Letters - March 23, 2016
ENTERTAINMENTHeartbeat rose above the criticismI was amazed to read the very critical review by David Upton about the stage adaptation of Heartbeat, which was on at The Grand Theatre last week (The Diary, Gazette, March 21).
My sister and I went to the Saturday matinee, and it was marvellous. All the actors were very professional, the scenery was brilliant, the 50s and 60s music was excellent, there were many laughs, but a great nail-biting underlying story too.
All in all, a professional and enjoyable production at our wonderful Grand Theatre. For anyone who has booked to see the show elsewhere, don’t be put off by Mr Upton’s review – enjoy every minute of it, we did!
PM Cameron is a ‘lame duck’ leader
I wholly concur with what Mr Dawson had to say in his letter about David Cameron (Your Say, Gazette, March 17).
Personally, I feel his endless jaunts around Europe trying to curry favour with our so-called partners such as Hungary and so forth – countries historically we have had very little to do with – to try and get Britain a ‘new deal’ in the EU, has diminished the office of Prime Minister.
Indeed he has looked increasingly desperate for some sort of cobbled-together settlement, accepting any scrap the EU decided to throw him and telling us it’s great for the British people.
He has become not a leader of his country, but another grey negotiator, a negotiator with his hands tied behind his back, owing to the constrictive treaties the EU have devised to stop any unilateral action.
The boy David, air-kissing his political mother Frau Merkel; a woman who in all but title leads Europe owing to Germany’s economic power, yet has made catastrophic unilateral decisions on the migrant crisis. Or, similarly, shaking hands and grinning at some private joke with Jean-Claude Juncker, a man with a dubious political history regarding his own country (Luxembourg), which has never been fully investigated, seems to be blissfully ignorant of the ineffective figure he has cut in these negotiations.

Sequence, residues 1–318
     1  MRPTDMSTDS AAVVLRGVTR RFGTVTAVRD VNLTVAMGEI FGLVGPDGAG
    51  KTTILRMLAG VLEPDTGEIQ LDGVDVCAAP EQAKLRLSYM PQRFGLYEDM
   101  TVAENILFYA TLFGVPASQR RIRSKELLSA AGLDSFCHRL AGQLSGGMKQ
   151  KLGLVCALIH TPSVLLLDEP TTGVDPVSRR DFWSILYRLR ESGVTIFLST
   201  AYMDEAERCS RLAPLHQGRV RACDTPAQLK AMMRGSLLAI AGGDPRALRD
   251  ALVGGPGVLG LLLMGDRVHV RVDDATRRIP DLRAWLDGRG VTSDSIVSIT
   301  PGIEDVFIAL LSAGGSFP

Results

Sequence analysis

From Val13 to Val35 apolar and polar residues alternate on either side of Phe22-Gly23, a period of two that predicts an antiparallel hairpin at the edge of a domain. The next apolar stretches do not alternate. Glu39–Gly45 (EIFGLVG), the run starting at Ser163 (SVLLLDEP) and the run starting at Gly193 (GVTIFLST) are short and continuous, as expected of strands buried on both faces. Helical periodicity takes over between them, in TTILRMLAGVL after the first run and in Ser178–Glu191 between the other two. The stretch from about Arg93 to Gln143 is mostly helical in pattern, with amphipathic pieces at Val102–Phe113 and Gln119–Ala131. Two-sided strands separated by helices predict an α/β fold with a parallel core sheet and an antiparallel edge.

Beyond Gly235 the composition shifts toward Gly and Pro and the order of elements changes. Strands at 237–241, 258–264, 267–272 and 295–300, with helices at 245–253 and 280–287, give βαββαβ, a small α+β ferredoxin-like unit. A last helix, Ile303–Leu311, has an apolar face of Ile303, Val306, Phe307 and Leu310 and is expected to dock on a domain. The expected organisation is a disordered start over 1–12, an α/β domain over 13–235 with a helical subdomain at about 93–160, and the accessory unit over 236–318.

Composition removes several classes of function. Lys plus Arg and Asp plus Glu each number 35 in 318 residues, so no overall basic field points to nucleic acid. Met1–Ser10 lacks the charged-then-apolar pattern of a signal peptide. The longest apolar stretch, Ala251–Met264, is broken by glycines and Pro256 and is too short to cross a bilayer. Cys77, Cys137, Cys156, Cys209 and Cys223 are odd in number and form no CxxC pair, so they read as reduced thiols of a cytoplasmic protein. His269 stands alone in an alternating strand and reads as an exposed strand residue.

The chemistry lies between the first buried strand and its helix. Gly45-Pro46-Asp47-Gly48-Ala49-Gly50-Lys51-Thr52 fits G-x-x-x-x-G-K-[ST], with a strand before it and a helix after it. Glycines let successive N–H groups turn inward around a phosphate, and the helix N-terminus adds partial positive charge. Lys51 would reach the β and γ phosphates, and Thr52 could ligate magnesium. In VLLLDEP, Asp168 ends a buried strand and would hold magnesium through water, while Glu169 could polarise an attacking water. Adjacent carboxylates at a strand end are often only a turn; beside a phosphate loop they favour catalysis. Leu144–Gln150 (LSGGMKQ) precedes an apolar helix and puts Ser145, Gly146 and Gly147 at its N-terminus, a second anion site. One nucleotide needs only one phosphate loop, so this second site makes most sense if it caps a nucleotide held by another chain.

He said he will go at the next General Election, thus, inadvertently, making himself rather like American presidents in their second terms, lame ducks. I think he should consider his position after the vote in June, in or out; and book his place on the back benches.
Budget crisis is the stuff of Shakespeare
It could have been a Shakespeare play – with the ink hardly dry on George Osborne’s Budget, one of his co-conspirators’ of the Social Health and Welfare Act, back in 2012, Iain Duncan Smith, puts the knife in the back of Osborne. In the event he wounds his leader Cameron and splits the court!
This leaves the Conservatives in a perilous state. IDS claims to be outraged by the cuts. Claiming he knew nothing of them, he says the damage that would be inflicted on cuts to PIPs for people with disabilities, who need aids such as walking sticks, is wrong!
His cohorts defend him, agreeing he has been forced to leave the court because of bullying by the chancellor. Then the rest of the courtiers cry foul, agreeing that poor people will be hurt! Others cry IDS has an ulterior motive to lead the campaign to leave Europe, and usurp Cameron, who is pro-European. Battle lines are drawn!
The rebel army say IDS’s claims ring hollow. Their army of opposition gather in revolt over the Conservatives’ cruel budget.
They know that IDS has voted for the heinous cuts on Bedroom Tax, Tax Credits, Universal Benefit Cuts and the Welfare Cap. They will lead a revolt. Both Cameron and Osborne then announce they will reverse the cuts on the poor; it is too late. Cameron accepts the IDS resignation. Oh woe is me; conscience makes cowards of us all!
Enter three witches who appear before the court and make a prophesy… “Beware of all those who would want the crown in this place of dissent and treachery. Those who will fight for the poor must have a clear conscience and not be cowardly. Traitors will never be king!”
Don’t run with your eyes on a gadget
I was amused by your cartoon regarding the fad for wearable technology (March 19).
As a reluctant runner, who plods the streets in an effort to keep my weight under control, I can attest to the number of people I see with headphone jammed in ears, wristband GPS devices, smartphones strapped to biceps, heart monitors underneath shirts.
Running should be one of the cheapest, easiest sports to access. All you need is a pair of trainers, a pair of shorts and a T-shirt and off you go.
Unfortunately, we are suckers for the latest gadget. But, you know and I know, it doesn’t make you go any faster.
It just means that, instead of looking up and out, seeing the world as you run through it, you look down at your wrist. I know what I’d rather look at.
Why can’t we do things face-to-face?
I would like to make a comment about how everything has to be done online.
I am 80 years old and my daughter spent three hours on her computer to renew my Blue Badge, which I would never have been able to do without a computer. Please bring places back where we can speak to people face to face like we used to.
Mrs M Downs